An appropriate Rich Internet application framework is usually required to run an RIA, and needs to be installed using the computer’s operating system before launching the application. The software framework is typically responsible for downloading, updating, verifying and executing the RIA.[9]

See also

External links

Taxonomy: The 6 layer Cloud Computing Stack

Finally things have settled down enough that we can start making some sensible statements about the taxonomy of cloud computing. The Wikipedia cloud computing article(s) in particular are now fairly stable (after countless hours of work over the recent months) and the main one has climbed its way to the top of Google’s search results for “cloud computing”. New articles like the hours-old one on RightScale are slipping in to the cloud computing category tree nicely too.

Therefore, without further ado I am pleased to announce the 6 layer Cloud Computing Stack (developed and hosted on the brand new Cloud Computing Community Wiki) in all its Creative Commons Public Domain glory. You can use it however you see fit, commercially or non-commercially, under whatever license you want and you don’t even need to give me credit for it. You can get it in SVG and PNG formats from the WikiMedia Commons, and if you’ve got the excellent OmniGraffle editor then I’ll even send you the originals if you ask nicely.

The 6 layers of the Cloud Computing Stack (from top to bottom) are:

This finds a happy medium in that it:

  • Doesn’t oversimplify like the aaSy 3 layer stack (SaaS, PaaS, IaaS)
  • Doesn’t overcomplicate like the all-inclusive 11 layer stack (remember cloud computing is about hiding the complexity of the Facilities, Network, Hardware, OS, Systems Management and Development Environment layers).
  • Favours ‘Application’ (as in ‘Web Application’) over ‘Software’ (which can exist on the servers with SaaS and/or the clients with software plus services).
  • Ignores things cloud computing users don’t care about (most notably anything physical)
  • Avoids altogether the overused ‘as a Service‘ moniker, the characteristics of which (scalability, utility billing, no capex, etc.) are common and shared with cloud computing in general.
  • Resists the urge to create new terms (neologisms) unnecessarily, opting for the simplest appropriate single word possible.

I hope that this work proves useful in understanding what cloud computing is all about and how cloud computing architecture works. I also hope that these terms take over from more complex, aaSy neologisms as they’re clean, simple and they just make sense. Here’s a translation table to get you started:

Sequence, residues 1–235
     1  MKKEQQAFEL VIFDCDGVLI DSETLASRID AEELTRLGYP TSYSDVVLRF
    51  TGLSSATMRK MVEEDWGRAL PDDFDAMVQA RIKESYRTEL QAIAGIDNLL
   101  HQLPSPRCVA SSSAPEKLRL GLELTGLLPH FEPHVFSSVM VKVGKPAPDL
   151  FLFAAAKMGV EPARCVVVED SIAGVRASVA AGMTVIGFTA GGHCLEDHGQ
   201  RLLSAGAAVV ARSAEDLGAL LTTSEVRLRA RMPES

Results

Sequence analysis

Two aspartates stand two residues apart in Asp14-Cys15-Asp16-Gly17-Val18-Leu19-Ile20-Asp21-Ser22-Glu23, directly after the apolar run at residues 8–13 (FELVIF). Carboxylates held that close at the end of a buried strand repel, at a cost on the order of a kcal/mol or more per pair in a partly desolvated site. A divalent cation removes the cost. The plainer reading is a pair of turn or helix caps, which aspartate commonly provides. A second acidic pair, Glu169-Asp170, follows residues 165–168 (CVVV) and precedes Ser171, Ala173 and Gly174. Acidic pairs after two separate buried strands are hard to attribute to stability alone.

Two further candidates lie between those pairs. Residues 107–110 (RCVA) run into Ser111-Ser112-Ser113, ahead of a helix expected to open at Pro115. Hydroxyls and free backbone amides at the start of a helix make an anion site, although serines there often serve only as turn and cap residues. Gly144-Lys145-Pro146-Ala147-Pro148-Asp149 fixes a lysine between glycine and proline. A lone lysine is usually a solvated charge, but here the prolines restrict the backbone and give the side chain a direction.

• Cloud Computer, Device, etc. » Cloud Client
  • Web Services » Cloud Services
  • Software as a Service, Software plus Services » Cloud Application
  • Platform as a Service » Cloud Platform
  • Storage as a Service, Cloud Attached Storage » Cloud Storage
  • Infrastructure as a Service, Hardware as a Service » Cloud Infrastructure

Update: We ended up settling on a simpler 3 layer stack after much discussion.

The Cloud and Cloud Computing consensus definition?

“Cloud Computing is the realisation of Internet (‘Cloud’) based development and use of computer technology (‘Computing’) delivered by an ecosystem of providers.”

It’s amazing that such a simple concept has caused so much confusion, but having spent the last few days reviewing the recent discussions it seems many are falling into the trap of trying to align Cloud Computing with (or contrast it against) existing terminology like SaaS and Utility Computing. It is in fact far more suitable as an umbrella term encompassing all of these related components.

‘The Cloud’

While there can be multiple definitions for Cloud Computing, for The Cloud itself ‘there can be only one‘ as it’s a metaphor for the Internet; people talking about clouds (plural) are probably confusing it with grids. Yes you can replicate some of this in a ‘private cloud’, but it will always be exactly that: a replica, and it will likely be somehow connected to (and therefore part of) the real cloud anyway. Remember, much of the value of Cloud Computing comes from leveraging other services in The Cloud for a result greater than the sum of its parts.

Why ‘The Cloud’?

Remember all those network diagrams with a fluffy cloud in the middle? Why a cloud and not a black box or some other device? Because we simply don’t know, and better yet we don’t need to know, what goes on in there – we just pass a packet down our pipe and (most of the time) it arrives at its destination. This is an abstraction (in reality the Internet is an incredibly complex beast) but an important one; it significantly reduces the complexity of our systems; a good example is relatively simple VPNs having quickly displaced many complex WANs.

Defininition

Let’s break down my definition (which I came to by collating the assertions that were in line with my view and then boiling the result down to the basic common elements):

“Cloud Computing…

  • …is the realisation of
    While many of the requisite components have been available in various forms for some time (eg Software as a Service, Utility Computing, Web Services, Web 2.0, etc.) it is only now they are reaching critical mass that the Cloud Computing concept is working its way into the mainstream. As more of a collection of trends (a ‘metatrend‘) we still have some way to go yet, but Cloud Computing solutions are a reality today and will rapidly mature and expand into virtually every corner of our lives and enterprises.